Stand with CDTC to protect our National Monuments!

In 2017, the administration began an unprecedented review of our National Monuments, deciding in December to drastically shrink Bears Ears and Grand Staircase-Escalante in Utah. In Colorado, where the health of our economy depends on outdoor recreation, we are calling upon our strong trail community to speak out. The following letter was delivered to our elected officials on December 4.

If you are a business owner in Colorado, it’s not too late to add your name! To do so, click on the link below:

To: the Colorado Congressional delegation and Governor Hickenlooper
CC: Secretary Ryan Zinke, Department of the Interior
Re: National monuments review by Trump Administration

 

Date: December 4th, 2017

 

Dear members of the Colorado Congressional delegation and Governor Hickenlooper,

 

As business owners in the Rocky Mountain state of Colorado we believe in protecting our public lands and our outdoors. The outdoors defines our way of life here, supports our businesses and our communities. This is clearly demonstrated by our state’s bipartisan support for attracting and bringing the Outdoor Retailer shows to Colorado. Our support for our public lands in Colorado is a main reason we have landed this opportunity.

 

We are concerned about the recent “review” of America’s national monuments conducted by the Department of the Interior (DOI). The review happened largely behind closed doors, with the public only getting insight through a leaked memo drafted by Interior Secretary Ryan Zinke, which suggests that he will be recommending shrinking the size and increasing industrial development on numerous national monuments. His recommendations include changes to several monuments here in the West. It would appear that the monuments review is mostly intended to enable the development and auction of public lands – for the benefit of private companies and individuals.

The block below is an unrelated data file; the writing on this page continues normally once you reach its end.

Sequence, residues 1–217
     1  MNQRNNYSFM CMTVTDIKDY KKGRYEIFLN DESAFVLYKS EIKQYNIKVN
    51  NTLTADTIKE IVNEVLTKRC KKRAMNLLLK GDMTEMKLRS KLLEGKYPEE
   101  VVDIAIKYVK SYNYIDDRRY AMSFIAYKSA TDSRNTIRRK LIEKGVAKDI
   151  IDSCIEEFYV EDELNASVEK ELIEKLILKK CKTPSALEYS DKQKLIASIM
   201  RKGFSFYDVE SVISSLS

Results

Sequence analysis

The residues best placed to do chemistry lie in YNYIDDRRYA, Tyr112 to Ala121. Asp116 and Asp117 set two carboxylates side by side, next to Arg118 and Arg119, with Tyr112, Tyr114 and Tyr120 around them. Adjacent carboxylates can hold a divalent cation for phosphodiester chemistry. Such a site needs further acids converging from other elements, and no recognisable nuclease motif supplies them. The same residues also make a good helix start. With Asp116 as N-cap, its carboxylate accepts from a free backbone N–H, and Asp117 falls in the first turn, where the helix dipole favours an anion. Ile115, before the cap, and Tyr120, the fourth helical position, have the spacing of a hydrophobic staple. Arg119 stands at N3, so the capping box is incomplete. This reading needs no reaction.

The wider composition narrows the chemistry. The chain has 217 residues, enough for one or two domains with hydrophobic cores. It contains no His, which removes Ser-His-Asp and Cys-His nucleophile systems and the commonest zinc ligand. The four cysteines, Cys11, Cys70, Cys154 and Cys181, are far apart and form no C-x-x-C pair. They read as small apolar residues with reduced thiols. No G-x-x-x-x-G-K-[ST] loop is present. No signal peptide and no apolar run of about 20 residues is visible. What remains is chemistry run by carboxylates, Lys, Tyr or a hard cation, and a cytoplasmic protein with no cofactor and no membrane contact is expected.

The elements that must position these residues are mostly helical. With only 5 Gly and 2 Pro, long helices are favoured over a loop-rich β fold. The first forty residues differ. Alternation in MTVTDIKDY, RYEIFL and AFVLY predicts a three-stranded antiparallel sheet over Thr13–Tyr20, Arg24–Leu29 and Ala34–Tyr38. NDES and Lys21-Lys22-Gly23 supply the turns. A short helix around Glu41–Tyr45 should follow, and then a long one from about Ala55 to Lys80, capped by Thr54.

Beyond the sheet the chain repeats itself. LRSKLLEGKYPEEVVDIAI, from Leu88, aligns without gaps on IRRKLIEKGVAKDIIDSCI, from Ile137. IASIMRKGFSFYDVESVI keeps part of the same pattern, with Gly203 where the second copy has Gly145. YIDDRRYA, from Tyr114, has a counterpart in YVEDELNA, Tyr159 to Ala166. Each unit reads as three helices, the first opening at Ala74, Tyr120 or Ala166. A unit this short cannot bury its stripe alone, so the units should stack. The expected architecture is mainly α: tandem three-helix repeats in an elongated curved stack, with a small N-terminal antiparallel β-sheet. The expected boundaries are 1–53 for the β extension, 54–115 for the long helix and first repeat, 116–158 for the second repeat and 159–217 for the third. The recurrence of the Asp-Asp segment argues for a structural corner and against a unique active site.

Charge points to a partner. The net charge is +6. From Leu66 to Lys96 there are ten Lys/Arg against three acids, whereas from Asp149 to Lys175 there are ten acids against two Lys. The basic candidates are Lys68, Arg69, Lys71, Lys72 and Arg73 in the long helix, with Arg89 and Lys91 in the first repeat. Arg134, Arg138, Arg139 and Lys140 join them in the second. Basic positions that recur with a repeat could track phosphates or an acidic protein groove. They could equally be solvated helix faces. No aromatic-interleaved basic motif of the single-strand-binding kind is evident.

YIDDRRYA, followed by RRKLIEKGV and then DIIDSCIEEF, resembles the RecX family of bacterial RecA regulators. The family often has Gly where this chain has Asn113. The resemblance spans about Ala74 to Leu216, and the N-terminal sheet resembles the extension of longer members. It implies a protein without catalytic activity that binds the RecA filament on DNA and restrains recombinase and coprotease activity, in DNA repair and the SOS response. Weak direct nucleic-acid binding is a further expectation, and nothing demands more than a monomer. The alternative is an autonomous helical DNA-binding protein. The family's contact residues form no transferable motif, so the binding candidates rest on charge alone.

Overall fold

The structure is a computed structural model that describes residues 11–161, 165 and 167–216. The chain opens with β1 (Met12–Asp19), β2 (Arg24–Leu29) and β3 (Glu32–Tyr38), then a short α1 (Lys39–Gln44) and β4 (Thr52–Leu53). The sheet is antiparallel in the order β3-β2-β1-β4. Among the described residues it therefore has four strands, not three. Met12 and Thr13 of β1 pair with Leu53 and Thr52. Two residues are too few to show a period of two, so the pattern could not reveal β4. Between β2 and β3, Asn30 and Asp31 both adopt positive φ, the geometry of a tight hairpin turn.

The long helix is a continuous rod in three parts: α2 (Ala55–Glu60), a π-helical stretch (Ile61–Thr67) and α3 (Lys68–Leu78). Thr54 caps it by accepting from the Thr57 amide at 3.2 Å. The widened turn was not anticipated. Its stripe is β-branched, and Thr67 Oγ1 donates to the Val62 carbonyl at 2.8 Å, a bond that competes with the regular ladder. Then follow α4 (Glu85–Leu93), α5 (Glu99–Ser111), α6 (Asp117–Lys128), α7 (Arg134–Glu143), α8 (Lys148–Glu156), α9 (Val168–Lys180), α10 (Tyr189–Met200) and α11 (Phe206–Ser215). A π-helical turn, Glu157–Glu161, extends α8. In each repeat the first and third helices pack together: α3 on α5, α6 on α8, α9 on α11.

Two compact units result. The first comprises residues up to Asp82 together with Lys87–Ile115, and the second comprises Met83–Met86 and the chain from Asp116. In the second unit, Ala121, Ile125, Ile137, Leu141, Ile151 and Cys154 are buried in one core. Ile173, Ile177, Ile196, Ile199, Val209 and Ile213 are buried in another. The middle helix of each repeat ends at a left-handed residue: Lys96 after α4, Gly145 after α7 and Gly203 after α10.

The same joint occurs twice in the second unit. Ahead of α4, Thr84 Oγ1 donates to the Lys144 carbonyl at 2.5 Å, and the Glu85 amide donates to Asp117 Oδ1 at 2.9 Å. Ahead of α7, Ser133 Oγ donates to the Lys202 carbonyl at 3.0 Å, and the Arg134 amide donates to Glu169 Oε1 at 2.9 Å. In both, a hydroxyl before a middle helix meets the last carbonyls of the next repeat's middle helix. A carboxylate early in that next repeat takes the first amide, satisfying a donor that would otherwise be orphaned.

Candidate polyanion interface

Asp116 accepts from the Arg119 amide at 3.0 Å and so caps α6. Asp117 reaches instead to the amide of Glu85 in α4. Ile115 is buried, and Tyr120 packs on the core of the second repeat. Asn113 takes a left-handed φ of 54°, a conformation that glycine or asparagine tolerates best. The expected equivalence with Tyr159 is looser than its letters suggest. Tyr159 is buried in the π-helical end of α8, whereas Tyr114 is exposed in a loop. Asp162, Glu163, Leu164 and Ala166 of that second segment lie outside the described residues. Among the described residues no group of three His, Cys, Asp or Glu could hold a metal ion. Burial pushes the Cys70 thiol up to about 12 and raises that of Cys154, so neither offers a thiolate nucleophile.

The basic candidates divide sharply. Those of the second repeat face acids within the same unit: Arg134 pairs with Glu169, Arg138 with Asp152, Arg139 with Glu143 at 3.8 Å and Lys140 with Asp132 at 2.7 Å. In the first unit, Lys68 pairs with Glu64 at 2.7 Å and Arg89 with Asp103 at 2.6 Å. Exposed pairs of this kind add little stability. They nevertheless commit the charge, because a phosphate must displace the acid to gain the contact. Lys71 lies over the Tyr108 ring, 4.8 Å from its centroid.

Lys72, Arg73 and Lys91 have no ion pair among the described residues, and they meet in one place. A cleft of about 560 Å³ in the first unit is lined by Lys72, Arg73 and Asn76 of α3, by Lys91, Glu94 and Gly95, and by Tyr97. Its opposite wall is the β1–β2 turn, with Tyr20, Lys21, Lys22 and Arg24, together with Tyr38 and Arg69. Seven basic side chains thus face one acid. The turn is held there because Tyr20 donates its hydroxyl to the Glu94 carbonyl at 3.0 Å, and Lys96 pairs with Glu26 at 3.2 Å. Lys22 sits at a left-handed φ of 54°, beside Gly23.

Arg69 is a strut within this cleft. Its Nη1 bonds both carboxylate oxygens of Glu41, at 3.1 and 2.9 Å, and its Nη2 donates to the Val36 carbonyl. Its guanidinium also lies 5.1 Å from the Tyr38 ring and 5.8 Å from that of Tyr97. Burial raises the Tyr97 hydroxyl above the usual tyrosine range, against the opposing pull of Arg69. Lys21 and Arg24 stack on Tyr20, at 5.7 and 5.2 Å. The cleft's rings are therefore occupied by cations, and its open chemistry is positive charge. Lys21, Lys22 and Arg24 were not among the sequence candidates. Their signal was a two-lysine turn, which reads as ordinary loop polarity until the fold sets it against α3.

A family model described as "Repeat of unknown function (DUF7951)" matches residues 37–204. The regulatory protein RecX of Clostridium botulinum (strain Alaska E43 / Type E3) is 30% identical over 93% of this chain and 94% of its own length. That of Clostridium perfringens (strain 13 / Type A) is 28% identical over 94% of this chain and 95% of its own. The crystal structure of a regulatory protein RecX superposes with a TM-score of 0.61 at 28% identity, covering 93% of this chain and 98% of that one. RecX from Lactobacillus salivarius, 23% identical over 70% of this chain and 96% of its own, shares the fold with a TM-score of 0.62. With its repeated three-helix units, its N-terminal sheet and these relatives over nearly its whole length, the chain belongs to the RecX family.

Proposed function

As business owners that benefit from our national monuments, protected public lands, and the increased tourism their designations create, we urge you to advise the Trump Administration to end this review and leave our existing national monuments’ borders and protective policies intact.

 

While Colorado’s recent national monuments have been removed from the list of monuments being reviewed by the DOI, that does not alleviate our concerns about this sustained attack on our protected public lands. Potential recommended changes to national monuments erodes our faith in the current Administration to keep our state’s national monuments – and public lands more broadly – protected for future generations. For many of us, the decision to invest in Colorado was based on the promise that the state’s natural attractions and access to outdoor recreation activities remain pristine and easily accessible for our customers and employees.